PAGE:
However, DON’T PANIC if you’re reading this and you haven’t achieved an admissions worth score and still want to attend a University in the near future! I have some tips and tricks and helpful alternatives (even if getting the score you need just isn’t feasible!) coming at you in the next post.
Liked the article?
Well, get to know the contributing authors!
Now in 2020, they and their business partners Beth and Ty are surviving a global pandemic by researching any avenue they can find to still reach students during one of the most difficult academic years that any of them will experience. Both are currently students themselves (Deb is working on her second Masters degree and Taylor on her second Bachelors!) so they have a unique insight into the difficulties facing students through this experience and hope they can do their part to support all of the students going through this crazy time.
I wanted to take the time to thank you all for your patience!!!! And yes, it’s true! I’m back!!!! These past few months I’ve taken a much needed mental health break and have been focusing on getting excited about life and making content again. Quarantine and the pandemic hit me harder than expected and quite frankly I’ve been stuck in a rut. (As one does) But I am so incredibly grateful for you all and I wish you all health and sanity during such a trying time for us all. And ahhh!!! College Applications. And can you believe I’m a senior! Already?! It was just yesterday that I was an “almost” sophomore publishing this blog for the very first time. Ah, how time flies!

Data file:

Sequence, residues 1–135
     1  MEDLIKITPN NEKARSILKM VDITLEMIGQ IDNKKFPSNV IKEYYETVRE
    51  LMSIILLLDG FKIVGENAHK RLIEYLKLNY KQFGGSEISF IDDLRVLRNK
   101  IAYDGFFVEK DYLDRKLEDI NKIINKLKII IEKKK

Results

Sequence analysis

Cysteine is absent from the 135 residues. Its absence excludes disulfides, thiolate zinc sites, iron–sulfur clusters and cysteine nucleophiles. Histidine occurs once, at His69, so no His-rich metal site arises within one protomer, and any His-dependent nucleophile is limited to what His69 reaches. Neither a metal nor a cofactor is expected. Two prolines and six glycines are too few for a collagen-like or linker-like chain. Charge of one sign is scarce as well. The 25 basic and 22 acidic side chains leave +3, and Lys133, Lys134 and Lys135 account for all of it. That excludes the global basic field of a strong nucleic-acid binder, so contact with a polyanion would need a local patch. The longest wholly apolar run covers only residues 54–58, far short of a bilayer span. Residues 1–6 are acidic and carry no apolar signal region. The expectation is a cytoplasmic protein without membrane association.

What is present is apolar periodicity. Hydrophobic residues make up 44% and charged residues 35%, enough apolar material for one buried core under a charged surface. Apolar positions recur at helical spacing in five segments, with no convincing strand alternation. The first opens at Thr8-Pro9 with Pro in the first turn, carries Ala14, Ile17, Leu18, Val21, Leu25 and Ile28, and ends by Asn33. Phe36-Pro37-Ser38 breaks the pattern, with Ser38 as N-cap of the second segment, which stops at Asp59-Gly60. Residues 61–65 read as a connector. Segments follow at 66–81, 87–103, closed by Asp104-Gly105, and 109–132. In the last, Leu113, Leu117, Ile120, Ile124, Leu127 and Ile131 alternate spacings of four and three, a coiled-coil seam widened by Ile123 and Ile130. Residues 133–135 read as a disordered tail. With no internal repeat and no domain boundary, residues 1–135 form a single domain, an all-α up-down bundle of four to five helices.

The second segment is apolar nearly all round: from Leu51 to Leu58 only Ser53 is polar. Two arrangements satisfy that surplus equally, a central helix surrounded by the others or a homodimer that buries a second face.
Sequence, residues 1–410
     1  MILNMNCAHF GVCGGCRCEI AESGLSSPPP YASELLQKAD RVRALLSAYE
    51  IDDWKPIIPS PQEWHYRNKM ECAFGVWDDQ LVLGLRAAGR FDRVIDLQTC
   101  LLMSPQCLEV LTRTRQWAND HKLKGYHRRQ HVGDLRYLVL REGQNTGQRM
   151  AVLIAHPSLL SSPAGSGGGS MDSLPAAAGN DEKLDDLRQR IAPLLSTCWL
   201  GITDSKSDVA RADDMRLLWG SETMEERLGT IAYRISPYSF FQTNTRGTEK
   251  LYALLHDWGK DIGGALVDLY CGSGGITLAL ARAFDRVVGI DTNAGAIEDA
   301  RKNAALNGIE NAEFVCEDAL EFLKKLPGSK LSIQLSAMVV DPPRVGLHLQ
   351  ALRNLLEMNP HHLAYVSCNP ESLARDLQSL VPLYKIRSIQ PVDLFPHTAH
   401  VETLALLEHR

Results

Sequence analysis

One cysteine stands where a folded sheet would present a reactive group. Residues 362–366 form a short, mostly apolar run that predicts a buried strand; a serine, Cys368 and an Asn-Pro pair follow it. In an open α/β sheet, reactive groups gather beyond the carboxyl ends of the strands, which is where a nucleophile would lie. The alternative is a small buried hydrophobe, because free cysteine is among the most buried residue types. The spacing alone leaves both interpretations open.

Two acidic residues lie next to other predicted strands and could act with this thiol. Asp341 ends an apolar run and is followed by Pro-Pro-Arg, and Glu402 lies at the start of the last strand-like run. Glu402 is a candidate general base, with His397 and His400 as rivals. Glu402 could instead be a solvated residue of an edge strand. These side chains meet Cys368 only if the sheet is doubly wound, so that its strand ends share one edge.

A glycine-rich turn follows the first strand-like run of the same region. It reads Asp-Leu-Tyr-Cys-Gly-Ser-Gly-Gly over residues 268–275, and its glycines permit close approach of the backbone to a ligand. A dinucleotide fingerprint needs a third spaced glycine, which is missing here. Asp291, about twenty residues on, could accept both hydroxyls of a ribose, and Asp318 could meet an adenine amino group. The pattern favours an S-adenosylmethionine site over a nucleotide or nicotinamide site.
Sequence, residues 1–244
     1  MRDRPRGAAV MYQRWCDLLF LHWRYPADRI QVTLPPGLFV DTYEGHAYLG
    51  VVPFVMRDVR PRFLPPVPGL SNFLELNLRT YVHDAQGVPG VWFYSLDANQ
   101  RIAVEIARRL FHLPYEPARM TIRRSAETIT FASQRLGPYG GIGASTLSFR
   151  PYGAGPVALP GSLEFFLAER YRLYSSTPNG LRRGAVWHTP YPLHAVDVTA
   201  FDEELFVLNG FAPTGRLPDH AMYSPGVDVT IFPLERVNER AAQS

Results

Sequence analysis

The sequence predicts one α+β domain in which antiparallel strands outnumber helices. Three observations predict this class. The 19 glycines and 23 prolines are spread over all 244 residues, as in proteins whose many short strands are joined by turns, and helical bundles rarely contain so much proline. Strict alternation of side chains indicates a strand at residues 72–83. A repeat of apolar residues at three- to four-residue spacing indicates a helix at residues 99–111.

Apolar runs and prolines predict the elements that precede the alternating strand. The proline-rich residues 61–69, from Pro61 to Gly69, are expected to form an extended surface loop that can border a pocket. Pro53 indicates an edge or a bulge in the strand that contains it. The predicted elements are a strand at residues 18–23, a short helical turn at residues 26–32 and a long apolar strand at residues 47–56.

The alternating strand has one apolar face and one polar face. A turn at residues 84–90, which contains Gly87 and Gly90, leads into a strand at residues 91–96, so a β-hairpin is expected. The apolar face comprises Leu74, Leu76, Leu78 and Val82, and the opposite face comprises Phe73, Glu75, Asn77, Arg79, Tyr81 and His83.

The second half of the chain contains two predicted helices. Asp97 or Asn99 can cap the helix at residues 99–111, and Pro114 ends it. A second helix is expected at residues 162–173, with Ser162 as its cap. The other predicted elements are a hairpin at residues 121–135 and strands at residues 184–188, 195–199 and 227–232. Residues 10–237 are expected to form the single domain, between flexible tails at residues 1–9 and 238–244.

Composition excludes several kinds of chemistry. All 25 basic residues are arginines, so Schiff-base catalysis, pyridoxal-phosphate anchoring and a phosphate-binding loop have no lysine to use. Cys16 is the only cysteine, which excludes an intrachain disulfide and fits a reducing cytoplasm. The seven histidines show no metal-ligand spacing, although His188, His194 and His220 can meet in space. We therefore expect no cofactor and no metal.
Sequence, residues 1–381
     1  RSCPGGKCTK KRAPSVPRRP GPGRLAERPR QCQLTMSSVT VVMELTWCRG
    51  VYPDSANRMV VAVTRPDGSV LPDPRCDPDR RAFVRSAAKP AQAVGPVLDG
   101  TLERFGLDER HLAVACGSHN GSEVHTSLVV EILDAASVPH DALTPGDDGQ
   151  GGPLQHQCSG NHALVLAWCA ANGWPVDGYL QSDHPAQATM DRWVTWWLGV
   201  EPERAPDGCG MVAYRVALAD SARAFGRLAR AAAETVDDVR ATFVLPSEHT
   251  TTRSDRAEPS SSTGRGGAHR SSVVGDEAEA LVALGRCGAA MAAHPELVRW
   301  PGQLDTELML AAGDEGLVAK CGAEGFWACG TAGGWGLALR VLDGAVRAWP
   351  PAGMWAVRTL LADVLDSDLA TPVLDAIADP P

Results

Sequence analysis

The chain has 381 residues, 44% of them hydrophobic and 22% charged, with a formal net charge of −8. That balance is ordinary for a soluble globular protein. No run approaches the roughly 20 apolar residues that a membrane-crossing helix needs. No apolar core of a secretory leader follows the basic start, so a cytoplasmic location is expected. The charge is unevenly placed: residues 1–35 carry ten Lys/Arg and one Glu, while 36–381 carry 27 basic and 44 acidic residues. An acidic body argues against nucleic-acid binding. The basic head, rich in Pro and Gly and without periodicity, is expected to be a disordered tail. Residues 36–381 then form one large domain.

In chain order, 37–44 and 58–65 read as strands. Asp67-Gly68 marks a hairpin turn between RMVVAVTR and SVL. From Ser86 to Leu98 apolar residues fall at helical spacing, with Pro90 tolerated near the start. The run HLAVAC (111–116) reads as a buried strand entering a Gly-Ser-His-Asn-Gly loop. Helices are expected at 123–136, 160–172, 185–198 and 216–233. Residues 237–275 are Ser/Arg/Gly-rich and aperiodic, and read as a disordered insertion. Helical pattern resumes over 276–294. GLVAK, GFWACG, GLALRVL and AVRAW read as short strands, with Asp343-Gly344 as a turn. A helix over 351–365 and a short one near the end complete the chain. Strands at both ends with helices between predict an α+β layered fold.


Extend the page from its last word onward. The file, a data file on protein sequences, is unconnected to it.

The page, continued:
Comment below what grade you are in below! And let’s chat.
Until then….I know during these times it might be a little hard, but I’ll be always smiling and beyoutiful and I’m hopeful that you are too!